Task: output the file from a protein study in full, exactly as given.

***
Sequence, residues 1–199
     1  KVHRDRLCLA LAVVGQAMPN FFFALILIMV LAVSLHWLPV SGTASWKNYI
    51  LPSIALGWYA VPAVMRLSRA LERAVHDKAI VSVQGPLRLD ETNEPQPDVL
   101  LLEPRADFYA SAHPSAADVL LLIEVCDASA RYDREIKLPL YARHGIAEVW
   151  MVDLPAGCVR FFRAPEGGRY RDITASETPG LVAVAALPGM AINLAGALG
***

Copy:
Sequence, residues 1–199
     1  KVHRDRLCLA LAVVGQAMPN FFFALILIMV LAVSLHWLPV SGTASWKNYI
    51  LPSIALGWYA VPAVMRLSRA LERAVHDKAI VSVQGPLRLD ETNEPQPDVL
   101  LLEPRADFYA SAHPSAADVL LLIEVCDASA RYDREIKLPL YARHGIAEVW
   151  MVDLPAGCVR FFRAPEGGRY RDITASETPG LVAVAALPGM AINLAGALG